The panel intends to re-think the issue of IPR by critically reflecting on concepts derived from modern legal frameworks. Scholars are invited to discuss adequacy and implications of concepts like property, ownership, protection, compensation relating to local communities, knowledge and resources.
Scholars from various disciplines have contributed to the debate on IPR discussing issues of bio-prospecting, patenting and commoditization of local knowledge and biological resources. Critical voices draw attention to the conflicting agendas of the actors involved (traditional communities, private and public users of biological resources, states, transnational alliances) and highlight the contested areas of debate (ownership, access, compensation, conservation). Discussions focus on legal and ethical aspects. However, the current debate limits the scope of reflection by bracketing context and using concepts restrictively. Traditional knowledge and biological “resources” of nonwestern communities are discussed referring to the concepts of “property” and “ownership” – applying modern legal frameworks. Criticizing appropriation by outsiders turns into an (often patronizing) debate about “protection” and “compensation” according to (inter)national legal specifications. Even by acknowledging the rights of traditional communities, the IPR regime is a tool to control decision making processes, concealing structures of power and hegemony. The panel intends to open up the debate by reflecting existing concepts and their implications while searching for alternatives. Scholars are invited to discuss the following questions theoretically, starting from particular social contexts: Can biological resources and knowledge of traditional communities be seen as property or are concepts of stewardship, unique gift, public good more adequate? Can we assume cultural knowledge to be bounded and exclusive? Should local knowledge be “protected”, are IPR the adequate means? What do the notions of “protection” and “compensation” imply? How are we to conceive the connection between the right to knowledge and resources and the right to self-determination?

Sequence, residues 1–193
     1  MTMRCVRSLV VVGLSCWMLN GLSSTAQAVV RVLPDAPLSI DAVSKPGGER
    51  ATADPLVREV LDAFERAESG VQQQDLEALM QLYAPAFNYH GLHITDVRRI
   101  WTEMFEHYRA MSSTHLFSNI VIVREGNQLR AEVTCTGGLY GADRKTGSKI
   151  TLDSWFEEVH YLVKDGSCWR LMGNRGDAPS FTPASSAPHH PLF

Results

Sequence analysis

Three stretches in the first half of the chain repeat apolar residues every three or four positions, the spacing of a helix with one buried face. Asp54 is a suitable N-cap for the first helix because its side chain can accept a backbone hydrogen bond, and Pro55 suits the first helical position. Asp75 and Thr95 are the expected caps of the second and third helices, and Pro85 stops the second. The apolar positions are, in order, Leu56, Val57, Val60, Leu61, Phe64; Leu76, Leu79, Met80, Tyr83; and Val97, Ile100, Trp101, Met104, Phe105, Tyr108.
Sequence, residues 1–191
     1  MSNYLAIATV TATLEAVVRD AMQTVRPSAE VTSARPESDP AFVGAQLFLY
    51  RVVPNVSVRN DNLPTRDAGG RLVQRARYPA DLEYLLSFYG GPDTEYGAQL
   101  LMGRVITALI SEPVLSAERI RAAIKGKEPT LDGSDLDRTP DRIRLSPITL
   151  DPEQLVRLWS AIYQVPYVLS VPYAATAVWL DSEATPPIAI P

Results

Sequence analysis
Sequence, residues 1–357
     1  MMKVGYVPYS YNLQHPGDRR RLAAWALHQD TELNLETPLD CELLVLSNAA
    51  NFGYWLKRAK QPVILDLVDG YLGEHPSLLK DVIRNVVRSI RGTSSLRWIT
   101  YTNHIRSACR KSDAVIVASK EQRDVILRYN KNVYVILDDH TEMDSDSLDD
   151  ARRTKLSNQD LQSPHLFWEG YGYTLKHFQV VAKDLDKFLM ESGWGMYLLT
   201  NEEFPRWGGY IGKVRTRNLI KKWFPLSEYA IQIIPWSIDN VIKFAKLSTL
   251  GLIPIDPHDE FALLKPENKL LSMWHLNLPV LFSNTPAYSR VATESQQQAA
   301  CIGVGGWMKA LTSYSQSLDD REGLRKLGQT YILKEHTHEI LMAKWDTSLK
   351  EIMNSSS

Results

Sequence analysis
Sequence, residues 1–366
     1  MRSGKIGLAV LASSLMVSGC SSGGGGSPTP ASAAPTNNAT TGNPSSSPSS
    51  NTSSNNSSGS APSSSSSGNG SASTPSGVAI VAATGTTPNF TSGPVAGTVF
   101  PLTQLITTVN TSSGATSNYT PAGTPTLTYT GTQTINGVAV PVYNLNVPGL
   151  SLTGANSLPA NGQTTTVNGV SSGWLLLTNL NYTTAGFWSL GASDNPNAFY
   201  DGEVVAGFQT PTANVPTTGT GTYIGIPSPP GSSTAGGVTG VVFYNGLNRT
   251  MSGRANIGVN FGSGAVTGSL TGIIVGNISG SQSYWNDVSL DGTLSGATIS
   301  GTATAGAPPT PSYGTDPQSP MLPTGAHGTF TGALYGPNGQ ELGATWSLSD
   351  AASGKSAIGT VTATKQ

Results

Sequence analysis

"Like a Second Skin": A Step Towards a Sui Generis Protection of Intangible Cultural Property in Fiji
Appropriation of plant related knowledge under the EPC – an illustration with a European patent on the processing of Teff flour